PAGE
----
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Kari Faux Processes Her Pain On 'Cry 4 Help' EP

Kari Faux's <em>Cry 4 Help EP </em>is due out March 8 on Change Minds.
Asato Iida
Courtesy of the artist
Kari Faux's Cry 4 Help EP is due out March 8 on Change Minds.

Note: NPR's First Listen audio comes down after the album is released. However, you can still listen with the Spotify and Apple Music playlists at the bottom of the page.

Editor's note:The album cover art on this page contains an obscene gesture.

Internalized trauma can manifest itself in daily life and wield unknown power over someone for years. For Kari Faux, the all-too-familiar, disrespectful altercation of being grabbed in broad daylight by a stranger — catcalling, street harassment, call it what you want — in July of last year, triggered the rapper to confront long-suppressed moments of buried pain, some dating back to her childhood.

"I felt like I was kind of spiraling," Faux tells NPR Music. "These past traumas were just coming up that, I guess, I hadn't realized I hadn't dealt with." Traumas, like abandonment issues related to her being adopted, having a miscarriage at 15-years old and staying in toxic relationships because she didn't know better, all came bubbling to the surface for the 26-year-old. Faux's five-track EP Cry 4 Help is her first project in two years and though it's condensed, it sounds more honest than any of her previous releases. It audibly unpacks these traumas, acting as a kind of music therapy.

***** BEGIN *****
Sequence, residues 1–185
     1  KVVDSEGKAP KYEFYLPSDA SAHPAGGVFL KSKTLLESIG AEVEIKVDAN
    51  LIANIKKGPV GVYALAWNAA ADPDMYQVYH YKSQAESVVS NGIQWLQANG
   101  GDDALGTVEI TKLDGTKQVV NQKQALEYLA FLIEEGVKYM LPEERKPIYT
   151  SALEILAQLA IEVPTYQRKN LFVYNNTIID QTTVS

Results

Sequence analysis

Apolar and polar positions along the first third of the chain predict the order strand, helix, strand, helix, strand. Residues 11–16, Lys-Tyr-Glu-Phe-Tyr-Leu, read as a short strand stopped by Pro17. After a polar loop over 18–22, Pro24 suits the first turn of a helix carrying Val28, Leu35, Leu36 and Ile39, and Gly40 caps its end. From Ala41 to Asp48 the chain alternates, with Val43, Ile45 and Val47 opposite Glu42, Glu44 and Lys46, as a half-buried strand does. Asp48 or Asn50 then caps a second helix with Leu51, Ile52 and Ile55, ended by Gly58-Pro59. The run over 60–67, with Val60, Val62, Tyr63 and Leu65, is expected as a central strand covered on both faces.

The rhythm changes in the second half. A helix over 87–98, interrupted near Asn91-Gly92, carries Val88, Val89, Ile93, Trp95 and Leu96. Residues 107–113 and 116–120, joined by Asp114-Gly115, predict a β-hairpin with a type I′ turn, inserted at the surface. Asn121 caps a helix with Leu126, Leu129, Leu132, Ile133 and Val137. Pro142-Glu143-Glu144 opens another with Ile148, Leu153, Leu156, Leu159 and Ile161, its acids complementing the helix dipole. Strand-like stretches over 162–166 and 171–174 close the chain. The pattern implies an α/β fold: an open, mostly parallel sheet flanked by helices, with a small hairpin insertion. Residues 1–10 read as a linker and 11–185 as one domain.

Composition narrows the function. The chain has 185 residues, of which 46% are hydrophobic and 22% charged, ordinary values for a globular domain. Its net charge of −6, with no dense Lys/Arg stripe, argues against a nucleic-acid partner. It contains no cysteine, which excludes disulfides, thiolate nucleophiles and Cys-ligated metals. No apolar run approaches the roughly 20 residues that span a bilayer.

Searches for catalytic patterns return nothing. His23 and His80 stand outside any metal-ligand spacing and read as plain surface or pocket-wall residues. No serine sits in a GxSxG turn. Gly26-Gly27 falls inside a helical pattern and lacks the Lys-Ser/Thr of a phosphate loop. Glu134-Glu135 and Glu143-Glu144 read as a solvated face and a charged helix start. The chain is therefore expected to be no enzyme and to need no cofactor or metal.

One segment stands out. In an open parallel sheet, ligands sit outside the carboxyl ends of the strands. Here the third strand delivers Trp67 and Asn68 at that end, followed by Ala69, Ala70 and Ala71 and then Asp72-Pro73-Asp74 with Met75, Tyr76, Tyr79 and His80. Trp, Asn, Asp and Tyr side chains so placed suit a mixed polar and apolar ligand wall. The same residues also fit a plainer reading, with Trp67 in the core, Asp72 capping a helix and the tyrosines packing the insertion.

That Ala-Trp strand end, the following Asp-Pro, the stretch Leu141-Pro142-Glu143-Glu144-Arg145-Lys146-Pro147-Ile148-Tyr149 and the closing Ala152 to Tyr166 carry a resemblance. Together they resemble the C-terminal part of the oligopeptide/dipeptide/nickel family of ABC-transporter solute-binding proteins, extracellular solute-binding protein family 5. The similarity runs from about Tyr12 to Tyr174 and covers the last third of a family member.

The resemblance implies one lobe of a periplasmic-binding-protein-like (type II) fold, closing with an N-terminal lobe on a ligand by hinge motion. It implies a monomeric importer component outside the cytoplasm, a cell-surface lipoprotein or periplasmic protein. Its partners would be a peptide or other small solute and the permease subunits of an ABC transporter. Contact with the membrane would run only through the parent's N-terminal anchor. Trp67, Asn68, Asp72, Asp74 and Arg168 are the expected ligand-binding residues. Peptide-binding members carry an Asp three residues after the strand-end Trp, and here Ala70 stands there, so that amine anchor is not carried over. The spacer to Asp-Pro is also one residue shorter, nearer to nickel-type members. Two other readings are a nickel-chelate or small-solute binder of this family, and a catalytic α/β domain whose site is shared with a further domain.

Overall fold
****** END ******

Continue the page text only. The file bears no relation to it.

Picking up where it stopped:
The project starts with "Medicated," a groggy, meandering track on her past attempts to numb the pain ("Here we go again / Another high again"). The EP's lead single, "Leave Me Alone," soundtracks Faux's angst as she brushes off those who might try to help her. Ultimately, the project's kicker, "Latch Key," is where the rapper starts to find her clarity. The music moves away from her attempts at escape and avoidance to digging into a genuine processing.

"The deepest parts of me are wounded / I'm mean skin to bone / I lost my V while Ashanti playing "I'm Foolish" / She acting out in school again / I don't know why she do this" Faux rhymes.

"I've always felt like I was never able to put my real, real life into my music," she says. "So this was kind of like a test for me to see like, 'OK, can you write about the s*** [that] has actually happened to you?'." She says that Cry 4 Help is a primer for more music from her this year as she continues to sort out her thoughts.

Faux not only works through her abuses in the music but also depicts her attitude towards those who've hurt her on the EP's graphic cover art. She contorts her body and gives a middle finger to those past traumas. She still has some processing to do.

"Once you go down that rabbit hole of analyzing yourself, it's kind of hard to put yourself back together and still feel like you're deserving of love and respect," she says. "But you can't depend on anybody else to make sure that you're OK. It's really nobody else's job."

Stream the Album

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Sidney Madden is a reporter and editor for NPR Music. As someone who always gravitated towards the artforms of music, prose and dance to communicate, Madden entered the world of music journalism as a means to authentically marry her passions and platform marginalized voices who do the same.